Super-Charged: How Outlaws, Hippies, and Scientists Reinvented Marijuana
Timber Press, £18.99
It is all too easy to be partisan when writing or reviewing books on marijuana. Having an axe to grind, one way or the other, often means that facts are misrepresented or ignored. However, while the cover is perhaps not the best choice if one wanted to give the impression of a balanced story (in fact, it may put many readers off), the contents are pleasantly surprising.
Jim Rendon gives us a good tour of everything from the genetics of the plant through to the politics of the marijuana trade. We start with the early days of the flower power generation in the 1960s and move through to today's high intensity hydroponic operations and finally to a detailed discussion of marijuana's medical use. There are also a lot of interesting tidbits of information (such as the fact that California's illegal and medical marijuana crops are estimated to be the state's most valuable agricultural product).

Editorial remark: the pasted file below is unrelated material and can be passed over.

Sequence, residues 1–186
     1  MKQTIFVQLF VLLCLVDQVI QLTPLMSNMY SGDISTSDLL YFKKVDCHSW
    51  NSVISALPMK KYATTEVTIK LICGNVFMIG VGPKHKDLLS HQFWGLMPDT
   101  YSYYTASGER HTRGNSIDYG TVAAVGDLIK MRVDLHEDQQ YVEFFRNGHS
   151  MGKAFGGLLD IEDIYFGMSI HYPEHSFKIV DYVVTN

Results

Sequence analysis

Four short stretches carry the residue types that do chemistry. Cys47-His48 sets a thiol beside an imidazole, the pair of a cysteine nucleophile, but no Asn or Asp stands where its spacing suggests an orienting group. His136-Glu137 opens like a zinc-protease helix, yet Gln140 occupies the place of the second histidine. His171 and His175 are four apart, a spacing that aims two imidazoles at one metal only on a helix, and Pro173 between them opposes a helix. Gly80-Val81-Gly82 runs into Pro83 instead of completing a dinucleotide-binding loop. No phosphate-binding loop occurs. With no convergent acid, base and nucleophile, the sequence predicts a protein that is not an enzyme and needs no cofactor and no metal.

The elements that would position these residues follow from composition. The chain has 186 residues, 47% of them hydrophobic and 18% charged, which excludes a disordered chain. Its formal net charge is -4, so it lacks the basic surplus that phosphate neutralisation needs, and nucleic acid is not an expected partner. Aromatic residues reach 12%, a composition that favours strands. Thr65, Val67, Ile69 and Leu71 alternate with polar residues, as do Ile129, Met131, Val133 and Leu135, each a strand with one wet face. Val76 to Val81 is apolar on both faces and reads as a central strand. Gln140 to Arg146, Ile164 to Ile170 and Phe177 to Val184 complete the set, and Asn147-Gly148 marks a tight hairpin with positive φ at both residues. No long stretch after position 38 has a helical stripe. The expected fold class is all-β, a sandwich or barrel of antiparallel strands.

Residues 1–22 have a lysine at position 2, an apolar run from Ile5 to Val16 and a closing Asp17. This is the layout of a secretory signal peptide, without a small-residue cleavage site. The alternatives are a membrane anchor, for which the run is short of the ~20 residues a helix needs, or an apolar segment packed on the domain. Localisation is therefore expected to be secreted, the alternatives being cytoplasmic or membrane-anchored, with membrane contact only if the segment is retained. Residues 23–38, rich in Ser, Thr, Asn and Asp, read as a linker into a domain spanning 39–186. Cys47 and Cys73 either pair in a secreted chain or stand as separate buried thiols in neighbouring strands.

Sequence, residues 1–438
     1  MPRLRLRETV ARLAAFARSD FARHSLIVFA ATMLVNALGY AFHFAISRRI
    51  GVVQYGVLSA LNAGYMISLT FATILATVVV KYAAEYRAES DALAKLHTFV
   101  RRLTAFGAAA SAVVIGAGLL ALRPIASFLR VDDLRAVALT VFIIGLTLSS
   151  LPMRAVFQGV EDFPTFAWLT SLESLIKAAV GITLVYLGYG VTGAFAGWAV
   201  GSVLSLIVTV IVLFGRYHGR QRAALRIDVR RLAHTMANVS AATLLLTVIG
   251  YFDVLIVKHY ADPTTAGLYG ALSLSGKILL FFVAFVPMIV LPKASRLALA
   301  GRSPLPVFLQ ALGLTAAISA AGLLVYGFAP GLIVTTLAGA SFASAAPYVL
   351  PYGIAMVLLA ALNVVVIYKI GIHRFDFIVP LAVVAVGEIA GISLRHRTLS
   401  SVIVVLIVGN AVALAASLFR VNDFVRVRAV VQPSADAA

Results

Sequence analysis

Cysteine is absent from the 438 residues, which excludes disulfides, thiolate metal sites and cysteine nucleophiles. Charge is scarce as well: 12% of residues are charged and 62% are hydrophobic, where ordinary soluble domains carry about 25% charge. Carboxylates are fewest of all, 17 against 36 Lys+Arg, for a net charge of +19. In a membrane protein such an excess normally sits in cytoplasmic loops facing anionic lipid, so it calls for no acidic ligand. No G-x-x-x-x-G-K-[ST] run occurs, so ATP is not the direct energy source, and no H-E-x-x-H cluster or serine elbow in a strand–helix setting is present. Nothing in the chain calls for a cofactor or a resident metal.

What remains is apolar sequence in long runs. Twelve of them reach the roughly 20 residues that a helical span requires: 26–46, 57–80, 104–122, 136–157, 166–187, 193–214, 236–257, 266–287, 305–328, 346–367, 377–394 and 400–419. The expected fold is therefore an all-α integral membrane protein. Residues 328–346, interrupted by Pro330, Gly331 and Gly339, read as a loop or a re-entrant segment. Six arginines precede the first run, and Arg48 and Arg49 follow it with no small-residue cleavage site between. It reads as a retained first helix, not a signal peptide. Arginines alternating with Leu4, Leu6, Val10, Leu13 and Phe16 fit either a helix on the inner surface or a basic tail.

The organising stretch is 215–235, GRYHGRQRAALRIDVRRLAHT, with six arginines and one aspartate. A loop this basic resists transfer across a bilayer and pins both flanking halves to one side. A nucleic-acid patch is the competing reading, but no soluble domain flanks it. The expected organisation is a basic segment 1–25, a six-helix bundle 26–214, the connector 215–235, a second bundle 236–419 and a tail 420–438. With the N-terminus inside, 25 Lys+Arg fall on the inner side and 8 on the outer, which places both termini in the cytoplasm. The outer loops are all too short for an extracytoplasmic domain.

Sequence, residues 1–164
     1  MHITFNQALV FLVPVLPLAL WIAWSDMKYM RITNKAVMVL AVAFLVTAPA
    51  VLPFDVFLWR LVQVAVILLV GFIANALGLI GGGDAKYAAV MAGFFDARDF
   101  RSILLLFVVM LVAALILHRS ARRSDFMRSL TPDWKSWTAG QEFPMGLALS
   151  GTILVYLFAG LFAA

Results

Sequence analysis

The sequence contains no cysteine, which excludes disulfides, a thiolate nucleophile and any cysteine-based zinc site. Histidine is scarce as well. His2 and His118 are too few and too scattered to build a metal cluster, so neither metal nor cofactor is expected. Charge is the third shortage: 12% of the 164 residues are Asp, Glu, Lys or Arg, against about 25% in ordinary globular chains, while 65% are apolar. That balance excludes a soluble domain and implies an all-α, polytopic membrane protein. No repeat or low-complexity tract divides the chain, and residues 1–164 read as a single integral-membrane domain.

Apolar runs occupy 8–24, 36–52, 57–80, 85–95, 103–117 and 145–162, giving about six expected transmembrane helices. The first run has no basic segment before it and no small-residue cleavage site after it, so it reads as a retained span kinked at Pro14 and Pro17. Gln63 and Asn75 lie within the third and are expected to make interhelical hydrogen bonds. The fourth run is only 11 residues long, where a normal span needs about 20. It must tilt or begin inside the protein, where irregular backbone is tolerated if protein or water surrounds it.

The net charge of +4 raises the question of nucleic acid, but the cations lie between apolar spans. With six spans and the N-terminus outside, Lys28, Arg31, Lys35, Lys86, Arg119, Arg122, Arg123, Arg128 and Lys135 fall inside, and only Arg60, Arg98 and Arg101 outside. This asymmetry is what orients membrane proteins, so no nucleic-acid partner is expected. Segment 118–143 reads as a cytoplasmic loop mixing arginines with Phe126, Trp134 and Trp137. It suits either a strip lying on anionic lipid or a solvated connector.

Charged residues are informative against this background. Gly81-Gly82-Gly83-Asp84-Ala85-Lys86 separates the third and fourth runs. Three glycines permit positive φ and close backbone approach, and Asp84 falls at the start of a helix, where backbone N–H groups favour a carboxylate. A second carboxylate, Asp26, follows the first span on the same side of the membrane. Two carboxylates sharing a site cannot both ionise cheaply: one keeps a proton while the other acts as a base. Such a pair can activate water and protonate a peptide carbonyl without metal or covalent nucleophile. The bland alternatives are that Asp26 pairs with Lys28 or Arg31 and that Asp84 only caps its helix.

One criticism is the severe lack of information on the negative aspects of marijuana, particularly the mental problems such as anxiety, panic attacks and paranoia that can result from short-term use. Overall, however, the book provides a thought-provoking perspective on this interesting topic.
Dr Oliver Jones CBiol MSB